For other blog posts here concerning law journal articles and other expert opinions about the Dover case, click on the "Expert opinions about Kitzmiller" label on the bottom of this post.

BTW, some other explanations have been given for the decline in the frequency of law journal citations in court opinions, but IMO these explanations have little or no validity. One offered explanation is that law journals have become more interdisciplinary, but they are interdisciplinary because the law itself is interdisciplinary -- for example, to understand environmental law, it is often necessary to understand environmental science and technology. Another offered explanation is that law journal articles have become more theoretical rather than dealing with actual cases, but I can see no reason why actual relevant cases would not be discussed in a law journal article. Another reason given is that the Internet has made it easy for judges and their clerks to do their own research and so they are less dependent on law journal articles to do research for them, but a lot of the research is done by the litigants themselves, and before there was an Internet it was easy to do research in large law libraries by means of annotated law books that gave key case citations for different subjects.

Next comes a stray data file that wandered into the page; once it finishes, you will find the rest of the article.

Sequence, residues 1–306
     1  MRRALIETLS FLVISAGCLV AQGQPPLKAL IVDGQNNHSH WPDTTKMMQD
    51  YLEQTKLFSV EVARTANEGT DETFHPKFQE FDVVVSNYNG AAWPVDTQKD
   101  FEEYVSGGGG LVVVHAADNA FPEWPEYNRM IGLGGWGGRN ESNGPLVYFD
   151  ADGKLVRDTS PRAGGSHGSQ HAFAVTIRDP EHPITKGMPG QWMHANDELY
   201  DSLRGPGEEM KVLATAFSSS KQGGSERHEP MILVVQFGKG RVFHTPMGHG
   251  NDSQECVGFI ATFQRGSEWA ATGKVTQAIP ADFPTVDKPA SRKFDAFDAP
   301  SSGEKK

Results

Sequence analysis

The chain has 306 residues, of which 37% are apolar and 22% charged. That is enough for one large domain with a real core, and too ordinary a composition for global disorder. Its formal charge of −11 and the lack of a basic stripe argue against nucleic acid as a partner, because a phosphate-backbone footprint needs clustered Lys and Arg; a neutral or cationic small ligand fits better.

In contrast to widespread court citations of law journal articles over many decades, direct court citations of blogs are still fairly rare, despite some claims to the contrary. However, citations of blogs by law journal articles have become common, and thus a blog has a fair chance of influencing a court decision indirectly through a decision's citation of a law journal article. For example, a law journal article by Jay Wexler cited the Panda's Thumb blog, and Wexler's article might be cited by a future court decision. This potential indirect influence of blogs on court decisions is another good reason why blogs whose bloggers practice arbitrary censorship should not be cited in any authoritative reference.
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3 Comments:

Anonymous peter irons said...

Larry,

I'm not sure why I'm even bothering to comment on your misinformed blog about the Kitzmiller decision, except that you have no other commenters and I feel sorry for you. And I'm not even sure this comment will make it onto your blog. But here goes. By the way, I'm writing as an experienced lawyer, not as an engineer.

First, no one claims that Judge Jones's opinion is "binding" precent outside of his judicial district. However (if you remember the McClean case on the Arkansas anti-evolution law; corrct my spelling if I'm wrong), well-reasoned district court opinions like that of Judge Overton are often cited by other federal and state judges; Overton's was favorably cited by the Supreme Court in Edwards v. Aguillard, striking down the Louisiana "creation-science" law. I could cite many more, bu that will do for now. Believe me, any federal judge who may have a future ID case will read (and likely rely on) the Kitzmiller case.